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35 how the Minnesota DOT incorporated many of these measures the Arizona DOT measures incident duration in their MoveAZ into their 2003 Statewide Transportation Plan. Transportation Plan. Several of these example measures have been adapted from the Reliability SHRP 2 project L03 Analytic Procedures for Determining the Reliability refers to the ability of users of the system to predict Impacts of Reliability Mitigation Strategies. the amount of time it takes to make trips on the system. Reli- ability typically addresses nonrecurring congestion that results Accessibility from traffic incidents (crashes, breakdowns, special events, weather, and construction). Factors that impact reliability Accessibility refers to the ability of the transportation system include things such as route redundancy, incident response, to connect people to desired destinations through the spatial and incident rates. Table 4.2 presents four general measures analysis of residential population, employment centers, and with examples that all support the objective of reducing non- other service or recreation opportunities. Accessibility differs recurring congestion. The case study highlight illustrates how from mobility in that the measures can consider all modes, SHRP 2 Framework Measure Specific Measure Applications Reliability Index A measure of the additional time (in · Buffer Index. The difference between the 95th percentile travel time and the minutes, percent extra time, etc.) that trips take average (or median) travel time, normalized by the average (or median) travel under congestion conditions relative to uncongested time (i.e., the percent extra time). or `normal' conditions. · Travel-Time Index (TTI). The ratio of travel under congested conditions (i.e., 80th, 95th percentile of traffic flow) to another (i.e., median, mean of traffic flow). · Planning-Time Index. 95th percentile travel-time index divided by the free-flow travel-time index. · Skew Statistic. The ratio of (90th percentile travel time minus the median) divided by (the median minus the 10th percentile). · Misery index. The average of the highest five percent of travel times divided by the free-flow travel time. On-Time Trip Reliability Share of trips between a · Percent of trips with travel times less than 10 or 25 percent higher than the specific origin and destination with travel times median travel time; below a designated threshold of time. · Percent of trips with space mean speed less than 50, 45, or 30 mph; and · Throughput Efficiency Difference between actual average speed of vehicles traversing a roadway segment and speed at which maximum throughput occurs. Incident Duration Average time elapsed from notifica- · Average time elapsed from notification of an incident until all vehicles have tion of an incident to incident clearance. moved to shoulder; · Average time elapsed from notification of an incident until all vehicles have been removed from scene; and · Average time elapsed from notification of an incident until all last responder has left the scene. Crash Analysis Identification of high crash locations · Location of highest crash rate (accidents per traffic volume); and by roadway segment. · Number of locations with crash rate higher than national average (accidents per traffic volume). Case Study Highlight: Arizona DOT MoveAZ Transportation Plan Description: MoveAZ is the Arizona DOT's current long-range transportation plan. MoveAZ was developed using a comprehensive performance- based planning effort to support a process in which needs and projects identified in the plan ultimately move to programming and development based on clearly defined metrics and project performance. A list of 20 performance measures was developed to assist in project selection and plan development. Sample Measure: · Reduction in hours of incident-related delay the total incident delay for a given district in 2002. If a project reduces incident delay below the 2002 level, it only receives that portion of the improvement to the 2002 level. Table 4.2. Transportation Measures Reliability
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36 and focus specifically on the congestion on those roadways Safety that inhibit key travel for a particular population or trip type. Safety refers to the ability for users of the system to reach their Typical accessibility objectives include: destination safely on any given trip. This is typically measured through the record of crashes or incidents along a particular · Provide residents access to regional centers; roadway or at a specific intersection. Although transportation · Provide businesses access to market resources; and projects often focus exclusively on safety, the focus in this · Improve or maintain transportation equity. framework is on the safety impacts of highway capacity expansion projects. The following two measures (Table 4.4) Table 4.3 lists five general measures that support these support the objective of improving safety. The case study objectives, including examples of each measure. The case highlight demonstrates how the Denver Regional Council of study highlight illustrates how Albany, New York's congestion Governments measures crash rates in their 2008-2013 Trans- management process measures destination accessibility. portation Improvement Program. SHRP 2 Framework Measure Specific Measure Applications Job Accessibility Number of jobs within a · Percent of population within 30 miles of employment; and reasonable travel time for a region's population. · Percent of population within 45 minutes of employment. Destination Accessibility Average travel time to · Average travel time from facility to destinations; major regional destinations. · Origin-destination travel times; · Accessibility index; · Percent of population within five miles or 10 minutes of state-aided public roads; · Average number of job opportunities close (within 20 or 40 minutes, by peak auto- mobile and peak and off-peak transit); · Average number of home-based shopping opportunities (trips attracted by stores; based on 10-minute automobile and 20-minute transit travel times); · Average number of home-based other opportunities (within 20 minutes by auto- mobile and 40 minutes by transit); · Percent of population close to a college and close to a hospital (within 20 minutes by automobile and 40 minutes by transit); · Percent of population close to a retail destination (within 10 minutes by automobile and 20 minutes by transit); · Average travel time for work trips; · Average travel time for home-based shopping trips, home-based other trips; · Average travel time to the CBD; · Percentage of population group with transit access to the CBD; · Average number of jobs accessible within 15, 30, and 45 minutes by transit and automobile; · Average number of low-income jobs accessible within 30 minutes by transit; and · Average number of schools, food stores, health services, social services accessible within 30 minutes by transit and automobile. Labor Force Accessibility Number of residents · Change in average travel time to major employment centers as result of project; within reach of the region's employers. · Change in number of employees within 45 minutes travel time to major employment centers as result of project; and · Percent of employers that cite difficulty in accessing desired labor supply due to transportation. Table 4.3. Transportation Measures Accessibility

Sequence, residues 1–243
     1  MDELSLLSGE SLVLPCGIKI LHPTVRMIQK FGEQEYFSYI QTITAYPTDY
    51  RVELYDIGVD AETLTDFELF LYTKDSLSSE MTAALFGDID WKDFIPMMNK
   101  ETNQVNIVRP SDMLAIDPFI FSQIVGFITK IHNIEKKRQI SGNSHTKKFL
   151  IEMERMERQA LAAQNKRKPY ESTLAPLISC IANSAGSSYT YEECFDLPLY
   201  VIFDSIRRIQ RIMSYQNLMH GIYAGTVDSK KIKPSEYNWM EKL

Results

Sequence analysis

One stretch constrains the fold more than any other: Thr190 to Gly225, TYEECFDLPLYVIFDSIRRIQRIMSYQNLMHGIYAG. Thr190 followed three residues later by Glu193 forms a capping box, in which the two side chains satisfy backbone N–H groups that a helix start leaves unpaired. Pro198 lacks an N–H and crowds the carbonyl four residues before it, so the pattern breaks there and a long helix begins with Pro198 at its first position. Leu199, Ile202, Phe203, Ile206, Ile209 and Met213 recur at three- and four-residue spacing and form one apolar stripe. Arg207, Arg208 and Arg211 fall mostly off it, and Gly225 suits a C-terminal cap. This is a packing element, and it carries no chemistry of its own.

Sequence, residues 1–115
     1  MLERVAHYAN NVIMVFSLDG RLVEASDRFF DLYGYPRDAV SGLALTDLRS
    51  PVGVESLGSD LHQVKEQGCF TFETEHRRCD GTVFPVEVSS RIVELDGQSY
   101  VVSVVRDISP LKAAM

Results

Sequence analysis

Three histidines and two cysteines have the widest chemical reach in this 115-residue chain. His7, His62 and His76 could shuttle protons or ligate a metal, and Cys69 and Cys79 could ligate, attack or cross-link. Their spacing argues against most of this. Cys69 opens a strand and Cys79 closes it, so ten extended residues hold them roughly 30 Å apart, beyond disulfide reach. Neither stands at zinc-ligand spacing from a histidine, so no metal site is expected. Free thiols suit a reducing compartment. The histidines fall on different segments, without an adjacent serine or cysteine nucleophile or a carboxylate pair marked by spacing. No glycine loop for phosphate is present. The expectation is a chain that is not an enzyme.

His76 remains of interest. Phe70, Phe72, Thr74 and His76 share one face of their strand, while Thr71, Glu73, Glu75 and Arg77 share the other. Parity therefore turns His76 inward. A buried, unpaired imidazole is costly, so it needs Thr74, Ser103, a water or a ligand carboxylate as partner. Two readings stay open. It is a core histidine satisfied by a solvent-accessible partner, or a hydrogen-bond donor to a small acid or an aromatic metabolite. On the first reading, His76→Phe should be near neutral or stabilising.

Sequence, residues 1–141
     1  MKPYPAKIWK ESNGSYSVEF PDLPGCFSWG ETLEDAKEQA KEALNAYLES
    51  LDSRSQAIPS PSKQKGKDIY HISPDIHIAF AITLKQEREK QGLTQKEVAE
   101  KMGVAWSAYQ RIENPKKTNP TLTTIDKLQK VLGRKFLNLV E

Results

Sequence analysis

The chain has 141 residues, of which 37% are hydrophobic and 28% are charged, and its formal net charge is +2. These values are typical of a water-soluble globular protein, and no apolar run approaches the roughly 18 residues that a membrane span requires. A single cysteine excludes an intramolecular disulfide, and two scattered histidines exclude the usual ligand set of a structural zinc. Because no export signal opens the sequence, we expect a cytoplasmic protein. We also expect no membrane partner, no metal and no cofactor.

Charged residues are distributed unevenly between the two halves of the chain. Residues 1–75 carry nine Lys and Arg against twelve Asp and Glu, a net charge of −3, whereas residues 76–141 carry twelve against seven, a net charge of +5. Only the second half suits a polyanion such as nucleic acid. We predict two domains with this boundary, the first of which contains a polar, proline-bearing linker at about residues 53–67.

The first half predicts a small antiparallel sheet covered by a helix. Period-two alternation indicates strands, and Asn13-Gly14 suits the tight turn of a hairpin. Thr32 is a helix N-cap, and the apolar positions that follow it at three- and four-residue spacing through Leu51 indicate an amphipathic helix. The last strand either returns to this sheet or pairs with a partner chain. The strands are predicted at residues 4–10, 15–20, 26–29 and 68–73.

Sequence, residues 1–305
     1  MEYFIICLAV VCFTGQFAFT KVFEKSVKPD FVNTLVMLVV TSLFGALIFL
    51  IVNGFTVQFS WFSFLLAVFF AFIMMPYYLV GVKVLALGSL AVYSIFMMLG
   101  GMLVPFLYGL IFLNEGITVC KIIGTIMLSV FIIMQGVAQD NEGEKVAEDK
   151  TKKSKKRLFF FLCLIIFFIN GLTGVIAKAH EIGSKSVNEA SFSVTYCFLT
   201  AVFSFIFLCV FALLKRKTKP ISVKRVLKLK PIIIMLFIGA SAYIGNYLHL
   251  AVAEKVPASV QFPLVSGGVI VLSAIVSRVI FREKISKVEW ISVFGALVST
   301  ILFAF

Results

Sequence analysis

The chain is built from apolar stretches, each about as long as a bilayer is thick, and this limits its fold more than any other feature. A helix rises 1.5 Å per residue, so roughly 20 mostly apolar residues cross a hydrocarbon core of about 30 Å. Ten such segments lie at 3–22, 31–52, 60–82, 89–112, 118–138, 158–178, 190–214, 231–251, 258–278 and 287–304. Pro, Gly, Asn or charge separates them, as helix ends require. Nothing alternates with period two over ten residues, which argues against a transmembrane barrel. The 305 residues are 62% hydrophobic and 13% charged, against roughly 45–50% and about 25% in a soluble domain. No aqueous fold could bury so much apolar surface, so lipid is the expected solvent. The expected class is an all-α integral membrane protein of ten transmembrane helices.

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37 SHRP 2 Framework Measure Specific Measure Applications Market Accessibility Average travel time to market · Change in population within 45 minutes travel time to important market centers as centers. result of project; · Percent of wholesale and retail sales in the significant economic centers served by unrestricted (10-ton) market artery routes; and · Percent of manufacturing industries within 30 miles of interstate or four-lane highway. Environmental Justice Accessibility Impact · Level of access for disadvantaged populations to jobs, services, and market centers. Relative jobs, destinations, labor force, and market accessibility for environmental populations versus the general population. Case Study Highlight: Albany, NY Congestion Management Process Description: Albany's Capital District Transportation Committee uses their Congestion Management Process (CMP) to identify the regions' conges- tion management needs as part of the region's RTP. The CMP reports current values of performance measures and anticipated future values under alternative growth scenarios. These performance measures are related to transportation service (access, accessibility, congestion, flexibility), resource requirements (safety, energy, economic cost), and external effects (air quality, land use, environmental, economic). Sample Measure: · Travel Time between Representative Locations by Quickest Mode: Sample Time: State Office Campus to Northway Exit 10 (minutes, P.M. Peak). Table 4.3. (Continued). SHRP 2 Framework Measure Specific Measure Applications Safety Crashes per hundred million vehicle-miles · Accident risk index (`safety index'); traveled. · Accidents (or injuries of fatalities)/PMT; · Fatality (or injury) rate of accidents; · Hazard index (calculated based on accidents per VMT by severity); and · Number of accidents per ton-mile traveled. Crashes Absolute number of crashes over time · Accident rate, deaths, injury, property loss by type of corridor; (e.g., per year). · Average duration of accidents; · Number of pedestrian accidents (or injuries or fatalities); and · National rank for accident, injury, fatality rates. Case Study Highlight: Denver Regional Council of Governments FY 08-13 TIP Description: DRCOG's project evaluation process for its latest Transportation Improvement Program (FY 2008-2013) includes a unique scoring system for each type of project, including roadway capacity. The scoring system is categorized into 10 topics: current congestion, safety, cost- effectiveness, condition of major structures, long range plan score, transportation system management, multimodal connectivity, matching funds, project-related Metro Vision implementation and strategic corridor focus, and sponsor-related Metro Vision implementation. Each cate- gory has a unique scoring system, and receives up to 15 points depending upon how that category is weighted. Project sponsors submit their project online, complete this ranking process, and are given an instant score. This gives them a sense of how their project will compare to others, and what areas they need to improve in order to increase the chances for funding. Sample Measure Based on the project's estimated crash reduction and weighted crash rate in comparison to the statewide average, up to 5 points will be awarded: · Using the estimated number of crashes reported by the applicant for the three-year period, the funding request application program will convert that to a per-mile basis and will assign the crash reduction level as follows: Low (9 or fewer crashes eliminated per mile); Medium (10-19); High (20-29); and Very High (30 or more). Table 4.4. Transportation Measures Safety